After about 2 miles we found ourselves facing a waterfall that was about four Oscars high. The only way up it was to use that funny four-legged climb that Mom could do and I couldn’t. Even if I had used Mom as an elevator, she was not tall enough to lift me all the way to the top. Mom looked for another route, but there were nothing but sheer walls on both sides. “I think this is the end of the road for us, buddy,” Mom said gratefully. “Let’s head back.” Even though we were definitely still on the trail, this adventure was starting to get the stink of a very bad idea, and we were both happy for an excuse to go back.


This was the mountain we were trying to climb. We didn’t make it.

So we started picking our way back down the mountain. The way down presented its own problems because sometimes things that were easy to climb up were harder to climb down, especially if you happen to prefer climbing with your front legs first and leading with your noggin. We had just picked our way down a very challenging and confusing waterfall to a flat spot when, mom looked at the map to see what direction to go next. “Oh crap,” she said. “This isn’t the trail; the trail was up there.” We looked back at the waterfall we had just come down, but couldn’t see a way for me to get back up it. We spent about 5 minutes trying, and then Mom climbed back up to see if there was an alternative route. She looked like a fly climbing up a wall with all of her paws. When she came back down, she said, “Okay, let’s reframe this. Our problem isn’t really getting back to that trail, but finding a way back to the car. Maybe the easiest way is to take the long way round.”

Mom studied the map and figured out that if we followed this new river a short way, then we would find another trail that could take us on a 2 or 3 mile loop back to the Covered Wagon. After not too much scrambling we were back on the civilized trails and feeling happy again. The sun was out, it was warm, the scenery was beautiful, and we were going to have an easy walk back home.

Everything was going well and all the trails were exactly where the map said they would be until we reached the last 0.7 mile trail connecting us back to the route to the Covered Wagon. This trail was even worse than the other one: all waterfalls with almost no flat spots in between. I was sure that this time we were definitely climbing rocks randomly into the desert, except that on the map Mom showed me this was an even more clearly marked trail. What’s more, we started to meet other hikers who were coming down. This death trap was crowded. First, we met what looked like a tour group people hiking in clothes that they had bought at Marshalls and Ross Dress for Less rather than REI or the outdoor store. Next came a group of fat humans whose faces looked like tomatoes and were shiny with sweat. They looked like they were going to have twin heart attacks. If these two John Candy look-alikes could do this trail, why were two experienced hikers like Mom and me having so much trouble? Next we met a group that had a people puppy that was about my age and size, and a dog! “Take me down with you!” I barked at the dog. “What? This is nothing! Haven’t you ever been hiking before?” said the other dog. Sure, I’d been hiking before! Lots of times. But even when we were very, very lost I had never had to hike something so difficult and dangerous. Why didn’t this trail carry a warning? You may think that everyone in Las Vegas is a murderer, or a murder victim waiting for their turn, but they are also tough! They go out and look a painful and frightening death in the face for fun, and see nothing remarkable about it. As Mom and I scrambled pile of rocks we could hear the people puppy wailing behind us. I was too tired to bark at the noise, but I whatever had happened to the people puppy, it made me feel better. As tough a day as I was having, at least I wasn’t howling.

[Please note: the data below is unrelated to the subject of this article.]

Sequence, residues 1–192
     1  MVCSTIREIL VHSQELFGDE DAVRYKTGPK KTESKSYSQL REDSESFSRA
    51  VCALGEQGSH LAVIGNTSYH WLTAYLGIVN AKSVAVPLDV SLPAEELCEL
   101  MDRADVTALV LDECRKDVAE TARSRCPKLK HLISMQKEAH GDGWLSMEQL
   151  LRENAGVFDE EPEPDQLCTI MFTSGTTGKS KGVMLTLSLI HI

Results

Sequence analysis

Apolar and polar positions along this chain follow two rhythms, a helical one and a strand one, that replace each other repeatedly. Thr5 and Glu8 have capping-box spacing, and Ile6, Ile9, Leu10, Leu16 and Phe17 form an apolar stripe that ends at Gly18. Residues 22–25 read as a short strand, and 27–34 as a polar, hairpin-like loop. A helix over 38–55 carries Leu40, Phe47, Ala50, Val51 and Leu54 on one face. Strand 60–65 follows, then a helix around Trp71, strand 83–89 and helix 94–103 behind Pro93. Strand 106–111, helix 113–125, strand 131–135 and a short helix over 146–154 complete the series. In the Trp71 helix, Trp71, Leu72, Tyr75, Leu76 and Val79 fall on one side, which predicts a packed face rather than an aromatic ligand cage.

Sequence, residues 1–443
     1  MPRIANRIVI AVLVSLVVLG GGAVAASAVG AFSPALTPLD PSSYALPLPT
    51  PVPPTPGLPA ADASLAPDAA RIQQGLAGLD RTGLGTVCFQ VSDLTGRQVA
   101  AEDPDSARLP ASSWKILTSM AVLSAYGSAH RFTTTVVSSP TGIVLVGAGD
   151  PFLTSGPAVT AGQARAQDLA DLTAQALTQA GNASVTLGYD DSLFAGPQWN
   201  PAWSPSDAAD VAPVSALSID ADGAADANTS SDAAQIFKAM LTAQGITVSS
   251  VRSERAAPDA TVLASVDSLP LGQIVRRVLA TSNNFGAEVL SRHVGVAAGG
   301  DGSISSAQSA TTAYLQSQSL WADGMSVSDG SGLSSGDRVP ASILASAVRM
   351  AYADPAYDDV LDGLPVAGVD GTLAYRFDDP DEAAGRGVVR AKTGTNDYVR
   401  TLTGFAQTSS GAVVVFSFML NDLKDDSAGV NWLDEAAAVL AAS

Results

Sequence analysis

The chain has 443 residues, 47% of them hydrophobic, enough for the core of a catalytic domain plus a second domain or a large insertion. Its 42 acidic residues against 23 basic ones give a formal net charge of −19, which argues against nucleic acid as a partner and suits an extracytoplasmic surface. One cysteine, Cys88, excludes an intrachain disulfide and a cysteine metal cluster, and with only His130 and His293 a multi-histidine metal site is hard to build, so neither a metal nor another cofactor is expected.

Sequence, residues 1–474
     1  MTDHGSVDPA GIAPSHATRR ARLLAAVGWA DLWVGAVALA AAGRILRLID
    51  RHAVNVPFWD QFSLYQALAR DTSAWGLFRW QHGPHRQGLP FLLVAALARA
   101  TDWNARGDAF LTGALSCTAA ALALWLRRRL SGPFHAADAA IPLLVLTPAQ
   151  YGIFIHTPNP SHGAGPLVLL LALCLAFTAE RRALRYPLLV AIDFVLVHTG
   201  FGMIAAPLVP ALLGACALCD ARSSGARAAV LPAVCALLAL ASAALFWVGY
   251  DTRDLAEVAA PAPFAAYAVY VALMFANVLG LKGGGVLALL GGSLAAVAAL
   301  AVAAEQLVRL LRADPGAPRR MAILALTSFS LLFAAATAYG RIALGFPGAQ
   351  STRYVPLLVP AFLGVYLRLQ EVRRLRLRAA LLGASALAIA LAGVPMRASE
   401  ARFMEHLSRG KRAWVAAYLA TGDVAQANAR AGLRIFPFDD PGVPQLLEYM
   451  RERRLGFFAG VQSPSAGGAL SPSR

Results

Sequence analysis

In one spot, Mom and I spent about 15 minutes trying to figure out a safe route for both dogs and humans. Mom first tried the human-friendly route, but there weren’t enough intermediate spots for me to put all four paws to jump to the next step. Next, she tried the slickrock route, but the rock was too slippery and steep. If one of us fell the drop was high enough to break a dog’s or a human’s leg, and then we would be howling like the people puppy until we expired. Making matters worse, I could smell that Mom was starting to get scared. We were going to have to climb down 30 or 40 hard-won feet to try a different route, and what if this was the only way up? As we came down, we met a couple of humans and a grey-beard dog who were trying to decide which route to take. “It’s not this one,” Mom said, helpfully. So all 5 of us set off together in a different direction.